There’s truth to the notion that good things come to those who wait. Keep your mind and heart open to the prospect of love, and you’re bound to eventually find the partner of your dreams, perhaps even in the most unexpected of places. In the meanwhile, enjoy what life has to offer. After all, what’s the rush?
How do you and your partner like to sleep? Do you spoon or do you keep to your own side of the bed? Do you find yourself drifting off as you face one another or do you prefer to face the wall?
A new study by University of Hertfordshire psychologist Professor Richard Wiseman has found a link between couples’ sleeping habits and their relationship quality. According to the study findings, couples have a wide range of sleeping behavior. Some sleep side by side, others back to back, and others face the opposite wall. Only a small percent of couples sleep facing one another (maybe they are afraid of morning breath!).
The study also found that couples who spend the night in some type of contact with one another (whether stroking, spooning, or cuddling up next to their spouse) were much more likely to report being happy together. Ninety-four percent of these couples reported high relationship satisfaction, as opposed to 66 percent of couples who slept more than 30 inches apart and never touched during the night.
Of course, snuggling and sleep don’t always go hand-in-hand. But the good news is that you and your partner can still reap the benefits of an intimate night’s sleep. Try spending at least some time snuggling in bed together, even if it’s before you drift off to sleep. Try to keep the T.V. off (or out of the bedroom entirely) and instead catch up on your day or do some light reading. Give each other massages or simply kiss and touch quietly as you unwind.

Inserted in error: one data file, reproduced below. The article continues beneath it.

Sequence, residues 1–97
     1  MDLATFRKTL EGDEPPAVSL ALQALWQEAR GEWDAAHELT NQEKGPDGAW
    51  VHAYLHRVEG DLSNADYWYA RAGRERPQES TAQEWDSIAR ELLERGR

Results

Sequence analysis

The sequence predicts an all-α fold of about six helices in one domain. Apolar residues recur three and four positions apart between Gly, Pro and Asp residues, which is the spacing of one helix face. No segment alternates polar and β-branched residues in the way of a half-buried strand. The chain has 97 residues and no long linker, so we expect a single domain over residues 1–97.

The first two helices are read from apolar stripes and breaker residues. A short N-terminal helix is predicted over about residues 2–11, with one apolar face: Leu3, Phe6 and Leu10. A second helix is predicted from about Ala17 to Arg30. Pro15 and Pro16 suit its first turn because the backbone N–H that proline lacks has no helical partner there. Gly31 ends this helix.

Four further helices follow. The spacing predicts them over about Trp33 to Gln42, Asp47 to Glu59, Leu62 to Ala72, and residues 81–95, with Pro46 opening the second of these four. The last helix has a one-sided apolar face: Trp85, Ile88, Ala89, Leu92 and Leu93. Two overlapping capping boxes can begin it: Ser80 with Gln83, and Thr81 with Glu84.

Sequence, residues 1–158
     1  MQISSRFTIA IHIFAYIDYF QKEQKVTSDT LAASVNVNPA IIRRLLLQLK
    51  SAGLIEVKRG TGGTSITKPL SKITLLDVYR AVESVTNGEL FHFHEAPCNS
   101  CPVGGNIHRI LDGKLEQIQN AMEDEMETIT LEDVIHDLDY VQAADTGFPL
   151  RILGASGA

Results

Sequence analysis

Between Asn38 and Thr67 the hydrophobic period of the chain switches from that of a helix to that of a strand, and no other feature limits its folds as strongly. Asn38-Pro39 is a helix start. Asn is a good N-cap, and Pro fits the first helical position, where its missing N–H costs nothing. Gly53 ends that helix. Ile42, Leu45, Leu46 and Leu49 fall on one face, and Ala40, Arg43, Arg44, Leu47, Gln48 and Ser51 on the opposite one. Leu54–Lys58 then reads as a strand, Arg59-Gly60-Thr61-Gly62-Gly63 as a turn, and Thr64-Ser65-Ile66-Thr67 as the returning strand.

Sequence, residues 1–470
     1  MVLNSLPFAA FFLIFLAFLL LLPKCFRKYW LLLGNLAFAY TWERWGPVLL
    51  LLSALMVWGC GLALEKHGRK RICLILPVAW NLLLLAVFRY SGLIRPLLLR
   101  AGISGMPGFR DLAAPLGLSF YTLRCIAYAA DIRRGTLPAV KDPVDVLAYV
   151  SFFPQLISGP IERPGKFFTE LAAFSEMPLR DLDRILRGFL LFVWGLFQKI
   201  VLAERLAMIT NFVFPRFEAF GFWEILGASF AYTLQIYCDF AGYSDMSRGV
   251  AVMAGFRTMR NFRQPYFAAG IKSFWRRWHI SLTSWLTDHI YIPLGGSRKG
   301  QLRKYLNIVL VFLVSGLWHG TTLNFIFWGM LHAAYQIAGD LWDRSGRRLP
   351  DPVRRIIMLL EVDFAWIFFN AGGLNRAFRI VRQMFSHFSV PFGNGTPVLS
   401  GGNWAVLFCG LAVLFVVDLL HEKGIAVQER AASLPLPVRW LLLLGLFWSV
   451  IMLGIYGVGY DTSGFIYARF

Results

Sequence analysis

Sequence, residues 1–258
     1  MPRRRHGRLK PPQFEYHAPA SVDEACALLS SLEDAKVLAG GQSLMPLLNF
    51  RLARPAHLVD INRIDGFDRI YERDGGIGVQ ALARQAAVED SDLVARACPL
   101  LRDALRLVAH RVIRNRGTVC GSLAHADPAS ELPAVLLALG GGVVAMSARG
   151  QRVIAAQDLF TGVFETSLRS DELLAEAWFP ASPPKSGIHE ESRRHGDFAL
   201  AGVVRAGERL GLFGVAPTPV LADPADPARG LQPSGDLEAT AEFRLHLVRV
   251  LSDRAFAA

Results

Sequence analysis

Next, make your bedroom more conducive to sleep and sex. Update your bedroom décor and make it a place that feels seductive and relaxing. Keep the work clutter and laundry in another room, and banish any pictures of Grandma hanging over the bed. Think of it this way: If it doesn’t contribute to sleep, rest, or sex, it doesn’t belong in your sanctuary!
Lastly, practice good sleep hygiene. Go to sleep at the same time each night and get in a good routine that works for both of you, even on the weekends. And, make an effort to be a little more hands-on during the night, whether that means gently scratching your partner’s back or maybe initiating something a little more R-rated. It’s your downtime…make the most of it!
Breakups are incredibly painful. Whether you are divorcing a partner of 10 years or breaking up with a new love after just a few short months, losing a relationship can be incredibly traumatic. Many people find themselves wallowing in grief and turning to outlets such as alcohol, food, or casual sex as a way to fill the void inside of them.